“There’s a crab in the bathtub,” I calmly mentioned to Christian. It seemed perfectly normal, given our proximity to the sea. I gently re-directed him to his own little bathtub in the tide pools. Perhaps it was the same crab that kissed my toe under the table during last night’s dinner. Our stay on Taveuni had plenty of other magical moments besides the flirtatious crab.
This resort specializes in scuba diving and snorkeling. The rooms are lovely, yet my favorite part is the open-air shower room, enclosed by rock walls and tropical plants with a mostly crustacean-free bathtub.
Paradise. That word is often over-used, but here at Paradise Taveuni Resort, the name aptly describes this tropical slice of land sitting on the rugged edge of volcanic cliffs.
Life here revolves around the tides and currents. Being seafaring folks, this is the next best thing to being on a sailboat.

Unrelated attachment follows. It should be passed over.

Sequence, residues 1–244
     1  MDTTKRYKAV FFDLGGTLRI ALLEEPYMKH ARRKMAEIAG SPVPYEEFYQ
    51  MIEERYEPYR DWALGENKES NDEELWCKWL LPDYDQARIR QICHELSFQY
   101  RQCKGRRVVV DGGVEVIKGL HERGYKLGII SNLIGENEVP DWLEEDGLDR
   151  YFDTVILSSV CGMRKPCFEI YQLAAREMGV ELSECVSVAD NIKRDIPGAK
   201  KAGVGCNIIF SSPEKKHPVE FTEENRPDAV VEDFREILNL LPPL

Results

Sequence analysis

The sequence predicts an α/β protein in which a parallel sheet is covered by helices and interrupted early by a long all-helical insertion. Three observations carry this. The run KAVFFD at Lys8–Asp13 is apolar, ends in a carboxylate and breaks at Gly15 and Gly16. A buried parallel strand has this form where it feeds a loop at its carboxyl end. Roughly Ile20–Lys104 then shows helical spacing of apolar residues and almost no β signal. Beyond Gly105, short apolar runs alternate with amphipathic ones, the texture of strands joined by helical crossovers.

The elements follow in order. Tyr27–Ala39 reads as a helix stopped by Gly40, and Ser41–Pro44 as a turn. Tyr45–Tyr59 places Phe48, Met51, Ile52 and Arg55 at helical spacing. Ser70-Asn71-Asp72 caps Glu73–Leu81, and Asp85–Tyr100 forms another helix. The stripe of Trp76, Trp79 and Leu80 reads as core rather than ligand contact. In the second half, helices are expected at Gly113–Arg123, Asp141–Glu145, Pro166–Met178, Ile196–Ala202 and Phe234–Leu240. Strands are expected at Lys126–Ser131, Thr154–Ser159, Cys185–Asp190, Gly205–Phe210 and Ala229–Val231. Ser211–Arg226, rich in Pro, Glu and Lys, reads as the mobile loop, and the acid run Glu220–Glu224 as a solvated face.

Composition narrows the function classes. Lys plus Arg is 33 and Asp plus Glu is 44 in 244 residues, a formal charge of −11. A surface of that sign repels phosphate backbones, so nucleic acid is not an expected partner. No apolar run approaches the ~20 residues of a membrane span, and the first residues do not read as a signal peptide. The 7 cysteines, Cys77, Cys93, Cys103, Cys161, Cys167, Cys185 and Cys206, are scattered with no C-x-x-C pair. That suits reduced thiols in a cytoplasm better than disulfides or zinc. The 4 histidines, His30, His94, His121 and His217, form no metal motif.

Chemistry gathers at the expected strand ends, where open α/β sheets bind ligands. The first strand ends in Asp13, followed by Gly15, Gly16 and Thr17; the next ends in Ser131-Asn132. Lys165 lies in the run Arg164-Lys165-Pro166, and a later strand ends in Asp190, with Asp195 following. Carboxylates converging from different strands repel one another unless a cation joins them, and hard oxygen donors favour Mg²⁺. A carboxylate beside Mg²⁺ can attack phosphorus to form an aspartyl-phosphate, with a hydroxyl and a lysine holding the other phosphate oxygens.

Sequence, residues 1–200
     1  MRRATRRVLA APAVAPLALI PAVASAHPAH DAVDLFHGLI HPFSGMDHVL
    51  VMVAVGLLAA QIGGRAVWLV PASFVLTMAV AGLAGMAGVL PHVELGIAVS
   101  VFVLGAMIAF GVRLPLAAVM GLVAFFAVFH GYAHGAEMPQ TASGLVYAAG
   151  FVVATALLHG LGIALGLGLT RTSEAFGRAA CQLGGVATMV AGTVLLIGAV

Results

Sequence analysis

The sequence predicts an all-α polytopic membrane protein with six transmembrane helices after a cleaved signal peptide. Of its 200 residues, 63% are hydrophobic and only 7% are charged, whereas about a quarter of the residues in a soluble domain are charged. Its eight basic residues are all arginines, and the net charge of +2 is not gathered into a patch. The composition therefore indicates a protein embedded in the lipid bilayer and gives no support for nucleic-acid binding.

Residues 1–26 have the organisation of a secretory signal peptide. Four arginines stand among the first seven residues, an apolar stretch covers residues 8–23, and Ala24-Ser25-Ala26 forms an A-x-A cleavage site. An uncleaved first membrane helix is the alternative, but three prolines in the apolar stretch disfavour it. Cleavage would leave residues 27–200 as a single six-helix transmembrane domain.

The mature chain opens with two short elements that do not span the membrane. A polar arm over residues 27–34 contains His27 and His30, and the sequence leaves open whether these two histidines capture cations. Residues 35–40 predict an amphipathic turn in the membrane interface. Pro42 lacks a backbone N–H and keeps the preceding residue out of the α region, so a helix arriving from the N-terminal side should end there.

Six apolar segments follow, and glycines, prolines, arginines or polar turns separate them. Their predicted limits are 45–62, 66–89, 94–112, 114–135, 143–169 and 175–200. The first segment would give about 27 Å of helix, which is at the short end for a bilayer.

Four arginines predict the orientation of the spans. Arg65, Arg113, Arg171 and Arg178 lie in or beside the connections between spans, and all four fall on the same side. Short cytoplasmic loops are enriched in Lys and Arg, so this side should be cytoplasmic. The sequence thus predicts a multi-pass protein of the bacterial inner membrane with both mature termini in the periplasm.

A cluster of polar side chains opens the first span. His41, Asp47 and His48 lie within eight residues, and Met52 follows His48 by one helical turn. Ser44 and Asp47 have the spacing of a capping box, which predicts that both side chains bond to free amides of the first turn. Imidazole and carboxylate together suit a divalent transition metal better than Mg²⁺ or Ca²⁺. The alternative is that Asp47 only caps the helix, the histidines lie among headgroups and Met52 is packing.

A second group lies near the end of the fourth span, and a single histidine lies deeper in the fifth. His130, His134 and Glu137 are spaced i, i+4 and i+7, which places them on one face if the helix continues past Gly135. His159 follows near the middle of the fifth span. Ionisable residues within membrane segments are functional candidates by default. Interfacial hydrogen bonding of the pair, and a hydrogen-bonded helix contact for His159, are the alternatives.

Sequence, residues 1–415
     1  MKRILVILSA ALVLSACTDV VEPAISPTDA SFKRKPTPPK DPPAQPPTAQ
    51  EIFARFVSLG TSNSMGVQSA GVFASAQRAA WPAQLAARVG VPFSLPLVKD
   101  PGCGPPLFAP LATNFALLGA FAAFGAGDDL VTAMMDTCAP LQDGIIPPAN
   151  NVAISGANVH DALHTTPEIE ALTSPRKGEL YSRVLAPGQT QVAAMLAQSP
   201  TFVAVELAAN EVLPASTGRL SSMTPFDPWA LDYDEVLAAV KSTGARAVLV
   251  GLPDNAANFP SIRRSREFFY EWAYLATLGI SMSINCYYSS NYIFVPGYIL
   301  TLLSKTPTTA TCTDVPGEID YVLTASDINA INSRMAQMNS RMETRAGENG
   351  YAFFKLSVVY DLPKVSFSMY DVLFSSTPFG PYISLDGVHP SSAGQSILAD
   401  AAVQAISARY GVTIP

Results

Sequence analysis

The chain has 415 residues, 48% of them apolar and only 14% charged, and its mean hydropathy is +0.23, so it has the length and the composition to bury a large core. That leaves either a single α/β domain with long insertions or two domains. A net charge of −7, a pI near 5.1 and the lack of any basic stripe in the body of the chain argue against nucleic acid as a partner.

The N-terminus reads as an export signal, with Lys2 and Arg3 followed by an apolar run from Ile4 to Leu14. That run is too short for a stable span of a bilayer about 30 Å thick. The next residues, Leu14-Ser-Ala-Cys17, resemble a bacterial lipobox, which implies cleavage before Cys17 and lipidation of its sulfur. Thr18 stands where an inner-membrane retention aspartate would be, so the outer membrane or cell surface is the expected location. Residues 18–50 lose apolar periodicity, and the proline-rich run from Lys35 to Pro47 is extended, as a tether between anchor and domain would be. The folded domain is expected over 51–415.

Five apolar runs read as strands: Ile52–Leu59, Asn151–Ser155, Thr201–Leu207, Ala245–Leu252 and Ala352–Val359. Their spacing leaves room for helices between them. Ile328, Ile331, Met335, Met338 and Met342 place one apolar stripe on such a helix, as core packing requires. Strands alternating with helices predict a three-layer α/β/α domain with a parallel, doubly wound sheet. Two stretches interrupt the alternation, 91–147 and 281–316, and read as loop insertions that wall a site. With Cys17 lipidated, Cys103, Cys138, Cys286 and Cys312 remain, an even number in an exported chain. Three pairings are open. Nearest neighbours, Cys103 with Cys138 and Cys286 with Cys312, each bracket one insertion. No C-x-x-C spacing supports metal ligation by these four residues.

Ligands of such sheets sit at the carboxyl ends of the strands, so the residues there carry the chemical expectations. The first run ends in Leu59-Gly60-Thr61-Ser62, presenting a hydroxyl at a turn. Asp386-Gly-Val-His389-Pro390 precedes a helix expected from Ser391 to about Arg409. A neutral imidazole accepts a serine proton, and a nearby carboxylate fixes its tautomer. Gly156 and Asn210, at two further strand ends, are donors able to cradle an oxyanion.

Taveuni lies among the 333 islands that make up the archipelago of Fiji. Described as the “Garden Island,” every shade of green on the hills complements the revolving tones of blue in the sea.
Our time at Paradise Taveuni was spent primarily in the blue. The sea called, we answered.
We have been flitting around Fiji, butterfly style. Some places we booked in advance, and some we saved for sweet spontaneity. Over the phone, Terri gracefully organized our last-minute booking. As is the norm in Fiji, we were welcomed “home” to Paradise Taveuni. Upon arrival we were both asked to sit in comfy chairs facing the sea, and suddenly our feet were placed in tubs of warm water and the effervescent Sony gave us each a glorious, relaxing foot massage. That usually doesn’t happen at home!
Each day started by softly waking up to the sounds of sweet bird songs. Looking outside, we usually saw Betty sprawled on our outdoor deck lounger, looking like she had a rough night of chasing cars. The resort’s adopted island dog gives us a big yawn and a smooch.
The morning sounds are also filled with air being released and scuba tanks clinking together in the wheelbarrow as the hardworking dive team sets up gear for the day. These background sounds are always accompanied by laughter from every quadrant of the resort.